Showing posts from 2019

Unboxing the Electron

Particlehas been making huge ripples in the IoT community lately, and this week we had a chance to unbox their product, the Electron.

The Electron (starting at $49USD), unlike their Wifi predecessors, operates on the GSM (cell phone) networks. For hobbyists, prototypers and companies looking to scale devices that need communication, the freedom of not having to be tethered to a Wifi access point is a great feature. Now you can monitor your geocache, track your bike, or record the weather from the top of your office. Sometimes WiFi is far enough out-of-range to be a pain, and the Electron provides huge flexibility.

The Electron can be programmed using the familiar Arduino-esque syntax through their web IDE, and it can be flashed over the cloud just like the Photon. This does use the data plan however, so it is recommended that you program the device over USB. And yes, you can use your own compiler and IDE!

Particle's recent addition of the Electron is a fantastic step forward, and the…

Nivrta Industries

About Nivrta:
Nivrta provide economical, yet high quality reusable sanitary cloth napkins. They are backed by PUL fabric, so no worries of leaks. We take pride in being designed and manufactured entirely in India. We use locally and internationally sourced high quality fabrics and employ local tailors to create our products. We promote menstrual practices that are healthy, dignified, affordable and  eco-positve. We are based in Coimbatore, India.        Available in three different sizes for use during day and night and pantyliner too, you can manage your entire cycle with Nivrta.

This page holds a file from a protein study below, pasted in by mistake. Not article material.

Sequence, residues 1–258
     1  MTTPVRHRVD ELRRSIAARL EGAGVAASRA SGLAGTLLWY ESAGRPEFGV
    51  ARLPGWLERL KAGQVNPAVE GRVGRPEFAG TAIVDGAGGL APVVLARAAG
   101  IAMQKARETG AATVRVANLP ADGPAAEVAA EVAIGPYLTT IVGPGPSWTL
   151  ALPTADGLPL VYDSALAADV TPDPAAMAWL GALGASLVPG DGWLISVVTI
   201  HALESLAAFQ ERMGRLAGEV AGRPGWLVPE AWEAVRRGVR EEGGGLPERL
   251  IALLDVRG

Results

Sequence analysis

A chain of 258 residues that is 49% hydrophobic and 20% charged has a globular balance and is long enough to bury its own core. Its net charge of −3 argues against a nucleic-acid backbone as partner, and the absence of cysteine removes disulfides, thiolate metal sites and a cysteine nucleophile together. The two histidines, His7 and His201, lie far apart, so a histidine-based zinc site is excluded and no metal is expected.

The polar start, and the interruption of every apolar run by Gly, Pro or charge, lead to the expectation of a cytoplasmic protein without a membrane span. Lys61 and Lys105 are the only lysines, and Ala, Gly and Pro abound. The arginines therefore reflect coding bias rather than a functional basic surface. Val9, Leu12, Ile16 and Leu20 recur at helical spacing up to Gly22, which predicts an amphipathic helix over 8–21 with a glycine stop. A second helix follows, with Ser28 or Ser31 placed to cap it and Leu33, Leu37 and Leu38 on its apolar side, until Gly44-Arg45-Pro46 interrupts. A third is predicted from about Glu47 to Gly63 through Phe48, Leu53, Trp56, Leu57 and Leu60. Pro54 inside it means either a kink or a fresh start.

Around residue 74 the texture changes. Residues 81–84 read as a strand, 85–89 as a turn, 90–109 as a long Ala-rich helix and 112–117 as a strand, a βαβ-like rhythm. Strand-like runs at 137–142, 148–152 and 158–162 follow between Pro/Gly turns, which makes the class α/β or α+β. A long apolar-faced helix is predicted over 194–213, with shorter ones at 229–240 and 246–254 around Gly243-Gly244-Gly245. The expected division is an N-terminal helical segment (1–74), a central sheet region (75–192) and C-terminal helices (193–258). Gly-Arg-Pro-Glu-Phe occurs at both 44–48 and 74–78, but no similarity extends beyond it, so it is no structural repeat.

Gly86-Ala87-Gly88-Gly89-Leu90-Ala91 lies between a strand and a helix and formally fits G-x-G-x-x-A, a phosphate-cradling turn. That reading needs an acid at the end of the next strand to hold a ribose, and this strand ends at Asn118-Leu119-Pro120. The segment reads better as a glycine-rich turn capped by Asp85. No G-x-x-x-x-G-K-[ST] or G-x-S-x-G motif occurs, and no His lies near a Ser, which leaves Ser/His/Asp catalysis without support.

Observe Your Backyard Birds with a Custom ML Model

Story(re. Hackster.) Many developers are curious about using machine learning techniques in their apps. Digging into the processes involved, it becomes clear that you need to first define the problem that you're trying to solve and ensure that you need a machine learning model in the first place. For many visual identification tasks, it's obvious that machine learning ("ML") is very helpful, as it allows a computer to "learn without being explicitly programmed". Rather than requiring a program to identify every bird by feeding an image of every existing creature into a database, we can use a technique of building a ML model which is an algorithm trained to recognize patterns and make 'educated guesses'. Fed plenty of good quality images of cardinals, for example, a ML model would presume that the red bird at the feeder would most likely be a cardinal, and not a blue jay, based on patterns it has deduced in the images it has 'seen'. For some p…